Subject(s)
COVID-19/epidemiology , Liver Diseases/epidemiology , Alanine Transaminase/blood , Alkaline Phosphatase/blood , Aspartate Aminotransferases/blood , Bilirubin/blood , COVID-19/blood , COVID-19/mortality , Hospital Mortality , Humans , Liver Diseases/blood , Liver Function Tests , Odds Ratio , Prevalence , Prognosis , SARS-CoV-2 , Severity of Illness Index , gamma-Glutamyltransferase/blood
18.
Eur J Gastroenterol Hepatol ; 33(1S Suppl 1): e274-e281, 2021 12 01.
Article in English | MEDLINE | ID: covidwho-998551

ABSTRACT

BACKGROUND: Coronavirus disease 2019 (COVID-19) has caused a global pandemic unprecedented in over a century, with ≈35 million cases, and more than 1 million deaths globally. Though predominantly a lower respiratory illness, other organ injuries are well-recognized. Among these, liver injury is of major interest. OBJECTIVE: To define prevalence, pattern, predictors, and impact of liver injury among patients hospitalized with COVID-19. METHODS: Demographic, clinical, and biochemical data were collected retrospectively among patients admitted to St. Luke's University Hospital with COVID-19 between 1 March and 18 April 2020. Association of liver tests (LTs) with mortality and need for mechanical ventilation, adjusted for demographic, clinical and biochemical predictors, was examined. RESULTS: Data were available on 551 patients. Prevalence of any or ≥3 × upper limit of normal transaminase elevation on was 61.2 and 9.4% on admission, and 72.1 and 22.4% at peak. Bilirubin and alkaline phosphatase elevations were less common on admission (11.4 and 12.6%, respectively), and at peak (17.7 and 22%, respectively). All liver test (LT) elevations were consistently predicted by inflammatory markers. Hyperbilirubinemia predicted mortality on admission and at peak. Aspartate aminotransferase (AST) and alanine aminotransferase (ALT) had opposite impact on mortality with AST positively, and ALT negatively associated with mortality. Hence, besides hyperbilirubinemia, AST:ALT ratio emerged as the best marker for mortality among the LTs. CONCLUSION: LT elevations among patients presenting with COVID-19 are very common, though majority are mild. Admission and peak bilirubin ≥1 mg/dl, as well as admission and peak AST:ALT ratio were significant predictors of mortality, along with age, myocardial injury, and chronic medical illness.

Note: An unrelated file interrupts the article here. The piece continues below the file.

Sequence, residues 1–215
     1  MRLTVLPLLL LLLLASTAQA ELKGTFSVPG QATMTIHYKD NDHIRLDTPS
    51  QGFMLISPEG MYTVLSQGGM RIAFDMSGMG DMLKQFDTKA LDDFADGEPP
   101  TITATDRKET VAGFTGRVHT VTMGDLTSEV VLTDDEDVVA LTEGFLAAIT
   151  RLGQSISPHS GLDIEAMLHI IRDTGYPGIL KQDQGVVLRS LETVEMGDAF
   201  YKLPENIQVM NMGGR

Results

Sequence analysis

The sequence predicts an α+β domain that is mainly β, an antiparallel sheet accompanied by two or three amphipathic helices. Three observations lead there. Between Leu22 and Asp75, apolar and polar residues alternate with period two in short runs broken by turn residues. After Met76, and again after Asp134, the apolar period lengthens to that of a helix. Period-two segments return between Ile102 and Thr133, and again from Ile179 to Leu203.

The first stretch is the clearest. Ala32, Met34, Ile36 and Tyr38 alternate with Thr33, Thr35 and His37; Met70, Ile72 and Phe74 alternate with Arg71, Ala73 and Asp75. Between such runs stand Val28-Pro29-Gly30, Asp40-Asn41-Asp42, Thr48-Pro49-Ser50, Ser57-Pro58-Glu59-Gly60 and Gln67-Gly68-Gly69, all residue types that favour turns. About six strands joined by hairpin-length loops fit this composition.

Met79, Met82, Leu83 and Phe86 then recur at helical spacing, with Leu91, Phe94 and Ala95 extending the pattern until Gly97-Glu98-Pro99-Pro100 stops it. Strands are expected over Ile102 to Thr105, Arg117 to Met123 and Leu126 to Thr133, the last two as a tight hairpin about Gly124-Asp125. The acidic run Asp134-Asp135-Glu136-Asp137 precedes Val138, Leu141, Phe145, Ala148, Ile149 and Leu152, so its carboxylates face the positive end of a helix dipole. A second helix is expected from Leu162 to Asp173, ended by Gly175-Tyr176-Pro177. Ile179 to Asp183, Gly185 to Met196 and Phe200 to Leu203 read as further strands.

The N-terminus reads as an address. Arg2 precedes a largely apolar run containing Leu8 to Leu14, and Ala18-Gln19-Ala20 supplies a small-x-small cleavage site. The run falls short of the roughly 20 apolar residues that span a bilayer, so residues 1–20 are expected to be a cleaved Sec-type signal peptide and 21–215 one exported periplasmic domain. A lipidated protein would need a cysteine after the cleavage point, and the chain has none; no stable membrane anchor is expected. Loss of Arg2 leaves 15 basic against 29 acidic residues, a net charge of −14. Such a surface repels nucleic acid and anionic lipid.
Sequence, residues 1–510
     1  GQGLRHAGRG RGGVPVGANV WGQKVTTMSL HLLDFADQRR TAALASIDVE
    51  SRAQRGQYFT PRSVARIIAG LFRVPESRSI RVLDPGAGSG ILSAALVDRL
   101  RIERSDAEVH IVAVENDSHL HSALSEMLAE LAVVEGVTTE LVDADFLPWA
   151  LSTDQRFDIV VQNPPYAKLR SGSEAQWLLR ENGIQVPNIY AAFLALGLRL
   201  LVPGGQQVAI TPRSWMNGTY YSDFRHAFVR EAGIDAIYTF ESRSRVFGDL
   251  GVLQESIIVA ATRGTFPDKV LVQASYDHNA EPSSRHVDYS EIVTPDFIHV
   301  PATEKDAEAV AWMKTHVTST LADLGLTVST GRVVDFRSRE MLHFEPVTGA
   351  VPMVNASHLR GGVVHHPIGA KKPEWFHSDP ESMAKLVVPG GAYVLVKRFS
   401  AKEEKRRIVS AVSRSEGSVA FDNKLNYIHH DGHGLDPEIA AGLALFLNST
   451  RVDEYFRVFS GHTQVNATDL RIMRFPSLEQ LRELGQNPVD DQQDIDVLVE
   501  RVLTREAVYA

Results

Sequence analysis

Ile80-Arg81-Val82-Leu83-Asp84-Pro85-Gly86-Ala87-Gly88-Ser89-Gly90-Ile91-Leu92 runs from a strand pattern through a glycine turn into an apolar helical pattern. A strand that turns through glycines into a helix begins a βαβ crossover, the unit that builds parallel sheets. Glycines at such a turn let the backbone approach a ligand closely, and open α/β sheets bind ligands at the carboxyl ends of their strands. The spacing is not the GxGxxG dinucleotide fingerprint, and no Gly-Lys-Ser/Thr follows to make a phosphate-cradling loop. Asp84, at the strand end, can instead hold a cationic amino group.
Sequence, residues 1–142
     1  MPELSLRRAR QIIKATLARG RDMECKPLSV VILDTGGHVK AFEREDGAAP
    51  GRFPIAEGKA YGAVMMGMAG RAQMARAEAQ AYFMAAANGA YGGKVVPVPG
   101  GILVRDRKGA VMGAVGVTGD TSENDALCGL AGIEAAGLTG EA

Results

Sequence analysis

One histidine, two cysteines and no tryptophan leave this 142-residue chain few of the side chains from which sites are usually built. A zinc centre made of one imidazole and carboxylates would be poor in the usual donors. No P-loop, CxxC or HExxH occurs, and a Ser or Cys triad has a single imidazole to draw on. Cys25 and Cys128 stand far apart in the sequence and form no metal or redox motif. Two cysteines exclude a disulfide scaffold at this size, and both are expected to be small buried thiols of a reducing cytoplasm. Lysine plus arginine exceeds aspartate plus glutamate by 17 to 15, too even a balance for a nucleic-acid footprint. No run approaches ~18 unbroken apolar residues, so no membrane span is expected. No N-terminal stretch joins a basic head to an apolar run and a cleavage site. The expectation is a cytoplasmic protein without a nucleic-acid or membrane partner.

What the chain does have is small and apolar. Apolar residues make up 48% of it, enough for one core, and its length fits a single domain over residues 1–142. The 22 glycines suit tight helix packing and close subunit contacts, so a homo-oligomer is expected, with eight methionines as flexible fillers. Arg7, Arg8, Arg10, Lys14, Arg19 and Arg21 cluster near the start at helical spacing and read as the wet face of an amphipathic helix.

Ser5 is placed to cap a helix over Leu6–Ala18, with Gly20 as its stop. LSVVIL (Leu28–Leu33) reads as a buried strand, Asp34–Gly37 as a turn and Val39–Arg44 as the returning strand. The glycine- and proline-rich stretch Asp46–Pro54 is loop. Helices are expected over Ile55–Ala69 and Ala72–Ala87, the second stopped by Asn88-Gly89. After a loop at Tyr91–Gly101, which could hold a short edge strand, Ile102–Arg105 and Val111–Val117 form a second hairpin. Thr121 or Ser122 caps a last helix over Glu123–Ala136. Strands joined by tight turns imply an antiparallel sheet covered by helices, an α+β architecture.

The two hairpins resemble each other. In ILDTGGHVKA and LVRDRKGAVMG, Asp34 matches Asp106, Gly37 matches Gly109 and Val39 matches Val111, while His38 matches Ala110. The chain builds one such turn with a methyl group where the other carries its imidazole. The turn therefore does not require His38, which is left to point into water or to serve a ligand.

Subject(s)
COVID-19 , Liver/virology , Adult , Aged , Aged, 80 and over , Alanine Transaminase/blood , Alkaline Phosphatase/blood , Aspartate Aminotransferases/blood , Bilirubin/blood , COVID-19/diagnosis , COVID-19/mortality , Female , Humans , Hyperbilirubinemia/virology , Male , Middle Aged , Prevalence , Retrospective Studies
19.
Blood Coagul Fibrinolysis ; 31(8): 575-577, 2020 Dec.
Article in English | MEDLINE | ID: covidwho-748543

ABSTRACT

: It is now known that SARS-CoV-2 infection because of coronavirus is highly contagious and caused varying degrees of illness throughout the world. Hepatic dysfunction and the slight elevation of liver enzymes have been reported in cases of COVID-19 infection. Transient hyperphosphatasemia is a benign condition characterized by the elevation of serum alkaline phosphatase and the return to normal levels within weeks or months of first observation. We reported the first infant case of severe hyperphosphatasemia because of SARS-CoV-2 infection, in a 9-month-old child admitted to the Pediatric Covid-19 Unit of Amiens University Hospital. Given the hepatic tropism and COVID-19-related hyperinflammatory reactions, our case suggests that, an isolated severe hyperphosphatasemia in children with SARS-CoV-2 infection should increase the possibility of transient hyperphosphatasemia, even if is also demonstrated a classic natural history of the transient hyperphosphatasemia during viral infection, especially in SARS-CoV-2 infection.


Subject(s)